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Do brain drain and poverty result from coordination failures?

  • David Croix


  • Frédéric Docquier


We explore the complementarities between high-skill emigration and poverty in developing countries. We build a model endogenizing human capital accumulation, high-skill migration and productivity. Depending on the magnitude of the key elasticities, the model economy displays a unique stable long-run equilibrium or multiple stable equilibria, implying that two countries sharing the same characteristics may end up either in a “low poverty-low brain drain” path or in a “high poverty-high brain drain” path. After identifying country-specific parameters, we find that, for a majority of countries, the observed equilibrium has higher income than the other possible one. In 22 developing countries (including 20 small states with less than 2 million inhabitants), poverty and high brain drain are worsened by a coordination failure. For 25 other countries, the risk of a radical worsening of economic performances is high. These results are fairly robust to identification assumptions and the inclusion of a brain gain mechanism.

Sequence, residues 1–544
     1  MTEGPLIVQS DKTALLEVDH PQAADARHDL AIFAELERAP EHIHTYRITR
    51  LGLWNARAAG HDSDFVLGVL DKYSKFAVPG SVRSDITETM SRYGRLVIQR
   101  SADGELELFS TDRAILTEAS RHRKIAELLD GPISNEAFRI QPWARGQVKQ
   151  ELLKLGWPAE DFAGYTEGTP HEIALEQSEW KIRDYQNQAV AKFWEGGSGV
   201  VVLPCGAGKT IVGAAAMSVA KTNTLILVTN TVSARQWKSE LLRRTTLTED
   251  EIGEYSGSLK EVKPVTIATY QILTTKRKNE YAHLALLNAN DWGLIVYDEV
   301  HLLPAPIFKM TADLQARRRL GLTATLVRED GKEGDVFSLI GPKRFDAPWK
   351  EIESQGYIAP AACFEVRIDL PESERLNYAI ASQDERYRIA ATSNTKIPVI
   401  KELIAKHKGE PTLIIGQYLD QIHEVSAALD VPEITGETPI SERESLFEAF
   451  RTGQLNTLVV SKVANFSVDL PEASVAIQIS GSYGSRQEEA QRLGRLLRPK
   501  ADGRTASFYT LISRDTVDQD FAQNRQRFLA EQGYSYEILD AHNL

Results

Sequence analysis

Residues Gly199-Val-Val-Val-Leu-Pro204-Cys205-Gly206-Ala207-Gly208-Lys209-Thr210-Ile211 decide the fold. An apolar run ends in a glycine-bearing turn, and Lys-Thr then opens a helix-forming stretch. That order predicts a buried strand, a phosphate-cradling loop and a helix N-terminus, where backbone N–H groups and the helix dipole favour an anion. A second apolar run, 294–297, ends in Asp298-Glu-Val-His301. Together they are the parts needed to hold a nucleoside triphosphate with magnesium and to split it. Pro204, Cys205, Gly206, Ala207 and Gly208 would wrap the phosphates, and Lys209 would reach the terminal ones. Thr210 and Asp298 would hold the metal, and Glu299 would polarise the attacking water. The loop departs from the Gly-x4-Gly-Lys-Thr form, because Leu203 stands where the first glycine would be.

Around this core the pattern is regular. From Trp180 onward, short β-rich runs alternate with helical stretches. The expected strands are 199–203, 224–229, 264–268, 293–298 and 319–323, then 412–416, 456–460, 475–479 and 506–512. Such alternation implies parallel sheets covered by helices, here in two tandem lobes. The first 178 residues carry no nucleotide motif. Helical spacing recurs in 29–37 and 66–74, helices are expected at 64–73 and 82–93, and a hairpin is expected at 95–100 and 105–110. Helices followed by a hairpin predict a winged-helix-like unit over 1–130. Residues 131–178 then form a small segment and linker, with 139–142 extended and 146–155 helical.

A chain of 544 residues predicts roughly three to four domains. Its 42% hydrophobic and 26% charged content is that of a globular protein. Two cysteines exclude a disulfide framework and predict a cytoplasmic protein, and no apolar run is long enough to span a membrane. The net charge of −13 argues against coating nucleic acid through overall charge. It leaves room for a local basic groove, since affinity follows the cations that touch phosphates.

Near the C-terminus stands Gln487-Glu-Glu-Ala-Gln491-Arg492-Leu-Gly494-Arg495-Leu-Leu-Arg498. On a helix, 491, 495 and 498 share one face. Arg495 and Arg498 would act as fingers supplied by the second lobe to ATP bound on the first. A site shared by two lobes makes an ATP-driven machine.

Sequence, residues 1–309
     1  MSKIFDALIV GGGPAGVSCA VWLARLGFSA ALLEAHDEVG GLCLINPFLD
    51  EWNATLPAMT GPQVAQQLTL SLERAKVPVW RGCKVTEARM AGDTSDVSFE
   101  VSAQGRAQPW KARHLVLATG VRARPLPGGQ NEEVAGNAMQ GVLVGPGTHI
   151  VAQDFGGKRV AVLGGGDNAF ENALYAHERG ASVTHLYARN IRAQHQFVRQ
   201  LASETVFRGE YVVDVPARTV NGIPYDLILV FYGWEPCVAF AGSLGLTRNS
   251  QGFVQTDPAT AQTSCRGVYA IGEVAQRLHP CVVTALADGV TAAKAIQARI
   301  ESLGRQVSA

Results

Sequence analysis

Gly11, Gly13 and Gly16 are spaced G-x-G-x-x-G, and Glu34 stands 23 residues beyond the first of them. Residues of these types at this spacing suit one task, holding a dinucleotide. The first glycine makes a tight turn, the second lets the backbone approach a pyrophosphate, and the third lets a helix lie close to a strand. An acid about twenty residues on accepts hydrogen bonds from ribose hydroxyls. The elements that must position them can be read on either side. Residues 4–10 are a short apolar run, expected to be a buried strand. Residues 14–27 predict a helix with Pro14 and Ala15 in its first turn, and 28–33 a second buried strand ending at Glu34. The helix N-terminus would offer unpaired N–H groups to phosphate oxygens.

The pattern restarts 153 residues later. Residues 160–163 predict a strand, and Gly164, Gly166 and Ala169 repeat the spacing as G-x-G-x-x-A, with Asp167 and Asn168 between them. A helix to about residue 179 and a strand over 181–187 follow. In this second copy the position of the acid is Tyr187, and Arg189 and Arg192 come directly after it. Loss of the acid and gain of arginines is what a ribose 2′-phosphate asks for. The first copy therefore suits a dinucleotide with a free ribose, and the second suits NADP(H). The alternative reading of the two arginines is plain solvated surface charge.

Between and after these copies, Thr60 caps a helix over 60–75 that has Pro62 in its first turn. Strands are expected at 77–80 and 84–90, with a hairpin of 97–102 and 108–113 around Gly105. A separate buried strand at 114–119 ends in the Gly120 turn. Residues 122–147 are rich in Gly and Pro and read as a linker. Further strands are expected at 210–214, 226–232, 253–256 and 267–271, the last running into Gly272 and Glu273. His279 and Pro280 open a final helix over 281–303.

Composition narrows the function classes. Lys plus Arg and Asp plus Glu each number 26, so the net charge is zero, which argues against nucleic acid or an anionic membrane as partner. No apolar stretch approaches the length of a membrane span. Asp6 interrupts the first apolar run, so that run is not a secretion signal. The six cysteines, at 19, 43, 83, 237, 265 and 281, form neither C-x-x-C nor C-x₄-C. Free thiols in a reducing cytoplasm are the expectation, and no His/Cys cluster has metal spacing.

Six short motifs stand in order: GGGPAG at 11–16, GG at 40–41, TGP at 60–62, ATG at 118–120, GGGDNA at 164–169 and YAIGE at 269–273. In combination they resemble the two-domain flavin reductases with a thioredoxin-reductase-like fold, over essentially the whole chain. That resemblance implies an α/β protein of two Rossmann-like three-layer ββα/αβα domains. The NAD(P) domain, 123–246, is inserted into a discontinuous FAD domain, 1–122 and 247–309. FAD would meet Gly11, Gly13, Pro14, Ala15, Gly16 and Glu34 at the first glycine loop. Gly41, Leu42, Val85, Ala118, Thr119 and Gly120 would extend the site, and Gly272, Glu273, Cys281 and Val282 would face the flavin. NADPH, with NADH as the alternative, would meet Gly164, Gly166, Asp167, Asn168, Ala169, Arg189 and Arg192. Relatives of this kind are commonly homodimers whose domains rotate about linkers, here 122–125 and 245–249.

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Article provided by Springer in its journal Journal of Economic Growth.

Volume (Year): 17 (2012)
Issue (Month): 1 (March)
Pages: 1-26

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Handle: RePEc:kap:jecgro:v:17:y:2012:i:1:p:1-26
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